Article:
Youths rock to benefit Pa. shelter

March 15, 2004|by DON AINES

Admission was $5, but one guy plunked down an extra $60 Sunday night at a benefit concert for a Waynesboro, Pa., homeless shelter.

"I had set some money aside from my job to donate to a good cause," said Brad Jacques of Smithsburg. "I'm a high school senior. I have a car, car insurance and gas" - his only major expenses.

About 100 young people showed up for the rock music concert to benefit the New Hope Shelter.

The shelter got authorization from Waynesboro's fire marshal Thursday to reopen after being closed Sept. 19, interim director Frank Kocek said.


"The average wait is 60 to 90 days, maybe more, depending on the size of families and the time of year," Kocek said.

Kocek said the shelter on South Potomac Street recently was approved for a U.S. Department of Housing and Urban Development grant of more than $250,000 for transitional housing units. To fully access that money, the shelter must raise $140,000 for the local match.

"We decided the shelter helped a lot of people in the community and they needed the most help," Cassie Tarr, a senior at Waynesboro Area Senior High School, said. Tarr and fellow senior Leah Markus organized the benefit.

"This will actually do something for the community and it's something Cassie and I are both interested in," Markus said.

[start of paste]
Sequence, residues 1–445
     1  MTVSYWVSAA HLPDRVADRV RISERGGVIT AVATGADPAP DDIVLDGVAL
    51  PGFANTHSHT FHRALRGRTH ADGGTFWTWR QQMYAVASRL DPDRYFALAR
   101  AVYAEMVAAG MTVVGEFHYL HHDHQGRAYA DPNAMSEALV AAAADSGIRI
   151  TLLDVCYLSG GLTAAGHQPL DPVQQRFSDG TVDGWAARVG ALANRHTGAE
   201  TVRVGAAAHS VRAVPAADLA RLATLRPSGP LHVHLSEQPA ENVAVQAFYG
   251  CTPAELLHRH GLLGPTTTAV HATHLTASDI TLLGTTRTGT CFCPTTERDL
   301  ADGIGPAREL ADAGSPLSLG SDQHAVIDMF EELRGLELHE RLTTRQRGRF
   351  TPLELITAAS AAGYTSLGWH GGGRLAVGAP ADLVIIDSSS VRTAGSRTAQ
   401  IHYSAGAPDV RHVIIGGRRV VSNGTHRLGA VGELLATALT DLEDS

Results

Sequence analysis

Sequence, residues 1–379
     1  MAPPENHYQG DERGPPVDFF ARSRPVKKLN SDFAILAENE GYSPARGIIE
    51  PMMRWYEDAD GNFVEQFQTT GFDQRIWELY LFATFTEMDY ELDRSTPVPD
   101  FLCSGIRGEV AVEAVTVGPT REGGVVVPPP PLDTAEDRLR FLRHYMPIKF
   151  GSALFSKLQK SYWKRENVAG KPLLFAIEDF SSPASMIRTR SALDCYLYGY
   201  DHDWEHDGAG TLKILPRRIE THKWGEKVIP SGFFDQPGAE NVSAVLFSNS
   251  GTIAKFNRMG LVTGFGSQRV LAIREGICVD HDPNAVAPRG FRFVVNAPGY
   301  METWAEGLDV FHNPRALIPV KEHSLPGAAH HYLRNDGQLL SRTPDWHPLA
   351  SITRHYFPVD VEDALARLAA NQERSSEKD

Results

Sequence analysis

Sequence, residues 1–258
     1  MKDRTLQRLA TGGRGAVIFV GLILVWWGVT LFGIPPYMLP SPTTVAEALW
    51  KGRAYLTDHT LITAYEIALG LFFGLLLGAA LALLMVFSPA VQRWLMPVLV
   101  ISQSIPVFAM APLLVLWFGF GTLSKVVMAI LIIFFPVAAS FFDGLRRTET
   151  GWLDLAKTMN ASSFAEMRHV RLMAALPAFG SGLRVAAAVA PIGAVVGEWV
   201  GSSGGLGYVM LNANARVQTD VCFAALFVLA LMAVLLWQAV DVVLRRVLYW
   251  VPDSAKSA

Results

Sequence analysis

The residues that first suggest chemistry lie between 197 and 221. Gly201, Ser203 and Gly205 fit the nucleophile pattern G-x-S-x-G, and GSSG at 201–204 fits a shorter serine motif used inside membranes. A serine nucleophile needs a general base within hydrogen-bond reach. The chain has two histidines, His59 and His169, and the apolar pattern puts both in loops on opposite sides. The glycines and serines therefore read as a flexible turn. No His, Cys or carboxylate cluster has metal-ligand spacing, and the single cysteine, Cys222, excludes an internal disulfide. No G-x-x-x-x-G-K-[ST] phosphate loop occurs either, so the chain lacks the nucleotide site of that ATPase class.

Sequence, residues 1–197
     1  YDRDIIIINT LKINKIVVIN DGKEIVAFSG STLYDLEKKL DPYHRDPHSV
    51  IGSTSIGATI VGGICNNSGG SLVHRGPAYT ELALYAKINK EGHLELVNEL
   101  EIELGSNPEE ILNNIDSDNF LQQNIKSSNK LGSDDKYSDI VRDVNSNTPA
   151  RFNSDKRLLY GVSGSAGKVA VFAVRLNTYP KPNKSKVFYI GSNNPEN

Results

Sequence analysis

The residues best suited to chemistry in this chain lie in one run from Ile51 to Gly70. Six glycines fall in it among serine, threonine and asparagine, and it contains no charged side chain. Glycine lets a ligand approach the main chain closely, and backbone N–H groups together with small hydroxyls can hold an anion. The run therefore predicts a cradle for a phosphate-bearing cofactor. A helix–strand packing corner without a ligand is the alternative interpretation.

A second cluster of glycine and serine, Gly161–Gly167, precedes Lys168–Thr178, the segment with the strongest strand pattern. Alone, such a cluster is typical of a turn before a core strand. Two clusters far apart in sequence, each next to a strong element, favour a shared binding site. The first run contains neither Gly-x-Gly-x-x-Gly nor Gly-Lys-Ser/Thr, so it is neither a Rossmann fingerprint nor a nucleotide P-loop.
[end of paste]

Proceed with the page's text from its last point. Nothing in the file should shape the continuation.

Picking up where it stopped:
The concert is their high school graduation project.

The concert raised more than $400 for the shelter, organizers said Sunday night.

Kocek said the hands-on work of young volunteers has been instrumental in getting the shelter opened and getting it ready to pass the fire marshal's inspection.

Besides having a name that conjures up a hue, Amber Naugle is a colorful young woman. She described her hair as rose red, turquoise and Atlantic blue.

Naugle, who was carrying a mannequin head, said she came to the gymnasium of the former Mowrey Elementary School for both the music and a good cause. The 2002 Waynesboro graduate recalled her parents' home being damaged by fire last summer and how they got furniture from the shelter.

"They were very, very helpful," Naugle said.

Three tractor-trailer loads of donated furniture, clothes and toys were removed from the shelter after it was closed.

Parts of the shelter used for storage will become transitional housing, where people can live 18 months or more while working to acquire the life skills needed to make it on their own. The rest of the shelter is for those who need a few weeks of temporary housing to get back on their feet, he said.

For those interested in the music, Saving Flaurence, My Winter Nerve, The General Store, Driving in Silence and Split End performed for free.

"Flaurence was a dear friend of ours that we lost one night," Aaron Tolbert-Smith of Hagerstown said, explaining the name of the band. Flaurence was lost in what he described as a "bizarre gardening accident."

"That's as true as any other story," he said.

He described Saving Flaurence as an "emotional pop-punk band" that performs mostly original material.

"It's rock, slash, I don't know - a mixture of a lot of stuff, I guess," Split End guitarist Derek Kretzer said before taking the floor for the band's set.

A number of people at the concert described themselves as "straight-edge," meaning they don't use drugs or alcohol.

"It means keeping away from anything that keeps you from what you should be doing," said Christine Brooks of Funkstown.

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